Have you seen some of the larger boats(Such as ferries and crew ships.)? If we tried we could build a space ship of the same size, the only reason we don't currently make ships that large is because it would be too difficult getting it through our atmosphere. As for speed, the larger the ship the more thrust it could have.

"Beyond all that, there's the question of how to get water, oxygen, food, and fuel to the moon, and how to do things like heat a potential colony."

I knew you'd bring up oxygen and food. Oxygen and food would be no problem, a forest and some crops should help with that. We don't even need to send fuel to the moon either, nuclear power could replace fuel. As for heat, I don't think that would be a very big problem at all. Along with the nuclear power, there could be solar panels gathering energy.

The only thing that might be an issue is water. Water could be recycled and filtered, but that filtered water would only last so long. Unless there were some underground ice reserves on the moon, shipments of water would have to be sent to the moon every once in a while. But there is some indication of ice on the moon.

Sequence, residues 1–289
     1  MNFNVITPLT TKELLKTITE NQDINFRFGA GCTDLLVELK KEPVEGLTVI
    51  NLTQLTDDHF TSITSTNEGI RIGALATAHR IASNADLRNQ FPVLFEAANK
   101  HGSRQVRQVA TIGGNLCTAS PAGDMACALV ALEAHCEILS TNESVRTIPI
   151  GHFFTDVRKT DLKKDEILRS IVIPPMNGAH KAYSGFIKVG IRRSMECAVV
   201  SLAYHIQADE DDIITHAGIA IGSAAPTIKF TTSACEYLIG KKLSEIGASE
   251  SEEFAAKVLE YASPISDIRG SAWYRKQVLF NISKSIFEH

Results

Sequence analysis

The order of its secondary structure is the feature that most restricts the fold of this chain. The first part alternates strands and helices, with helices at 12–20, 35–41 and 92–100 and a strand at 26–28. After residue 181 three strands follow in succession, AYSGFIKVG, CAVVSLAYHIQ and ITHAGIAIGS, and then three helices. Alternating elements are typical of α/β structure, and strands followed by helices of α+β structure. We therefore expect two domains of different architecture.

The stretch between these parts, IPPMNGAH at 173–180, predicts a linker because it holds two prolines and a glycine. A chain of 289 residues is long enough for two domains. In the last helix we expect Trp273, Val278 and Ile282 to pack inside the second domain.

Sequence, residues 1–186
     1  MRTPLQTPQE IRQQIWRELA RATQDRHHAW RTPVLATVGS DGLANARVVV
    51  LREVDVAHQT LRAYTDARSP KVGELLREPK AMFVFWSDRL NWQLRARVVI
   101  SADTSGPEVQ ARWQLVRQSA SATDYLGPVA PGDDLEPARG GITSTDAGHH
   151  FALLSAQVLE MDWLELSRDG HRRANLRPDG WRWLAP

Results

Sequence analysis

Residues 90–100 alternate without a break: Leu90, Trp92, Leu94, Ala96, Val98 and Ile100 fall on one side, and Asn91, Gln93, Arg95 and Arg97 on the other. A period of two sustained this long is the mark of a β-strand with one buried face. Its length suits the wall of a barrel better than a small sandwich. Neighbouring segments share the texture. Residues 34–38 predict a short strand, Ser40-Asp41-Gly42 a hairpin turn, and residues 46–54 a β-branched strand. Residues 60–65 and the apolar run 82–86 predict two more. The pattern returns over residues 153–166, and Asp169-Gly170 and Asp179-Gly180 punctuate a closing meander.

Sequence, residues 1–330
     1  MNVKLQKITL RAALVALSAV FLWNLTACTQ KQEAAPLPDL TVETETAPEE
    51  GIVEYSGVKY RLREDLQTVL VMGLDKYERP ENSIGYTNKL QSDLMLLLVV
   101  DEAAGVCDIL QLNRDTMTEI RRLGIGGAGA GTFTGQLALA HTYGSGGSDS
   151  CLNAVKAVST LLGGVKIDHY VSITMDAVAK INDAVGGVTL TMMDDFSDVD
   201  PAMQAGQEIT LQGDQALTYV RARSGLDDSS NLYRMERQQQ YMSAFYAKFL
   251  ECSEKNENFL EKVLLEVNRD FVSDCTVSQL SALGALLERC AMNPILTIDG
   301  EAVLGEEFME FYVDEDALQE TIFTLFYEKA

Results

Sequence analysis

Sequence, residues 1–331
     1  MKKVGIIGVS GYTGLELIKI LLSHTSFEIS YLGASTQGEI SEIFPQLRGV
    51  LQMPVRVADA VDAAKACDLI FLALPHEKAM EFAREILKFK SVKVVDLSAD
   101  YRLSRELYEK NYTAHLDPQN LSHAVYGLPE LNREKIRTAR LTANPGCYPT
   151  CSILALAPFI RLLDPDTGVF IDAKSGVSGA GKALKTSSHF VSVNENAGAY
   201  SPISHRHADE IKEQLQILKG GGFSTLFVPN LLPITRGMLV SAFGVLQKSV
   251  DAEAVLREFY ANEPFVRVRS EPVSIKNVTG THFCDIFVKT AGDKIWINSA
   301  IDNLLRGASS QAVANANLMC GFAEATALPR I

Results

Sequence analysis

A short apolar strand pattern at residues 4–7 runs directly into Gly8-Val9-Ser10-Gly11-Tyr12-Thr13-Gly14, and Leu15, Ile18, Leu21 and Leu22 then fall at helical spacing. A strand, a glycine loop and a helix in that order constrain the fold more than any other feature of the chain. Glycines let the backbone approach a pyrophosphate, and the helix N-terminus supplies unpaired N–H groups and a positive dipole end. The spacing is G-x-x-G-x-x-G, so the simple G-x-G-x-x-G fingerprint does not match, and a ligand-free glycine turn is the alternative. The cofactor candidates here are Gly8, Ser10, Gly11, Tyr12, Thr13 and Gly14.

Mars wouldn't have the same water issues though, because there is plenty of ice on Mars.
KevinL75

Con

You said: "You say that like it's a fact. Scientists have not been able to agree on how our moon was actually formed and there are several different theories. Until we do a little more research and visit the moon again, there's no real way to know for sure."

You're right that there are several theories, but there are several theories for just about everything. Creationism and geocentricity are both "theories." The theory I referenced is by far the most scientifically accepted, and the one with the most evidence to back it up. Given that, I have every reason to believe that there are very few resources on the moon.

You said: "That being said, there are several resources on the moon."

You originally referenced moon-resources when you were talking about constructing a colony. The moon would have to have an array of resources similar to those of Earth if we were actually intending on using its resources to fully construct a colony. Not to mention the fact that these resources would have to be present in copious amounts.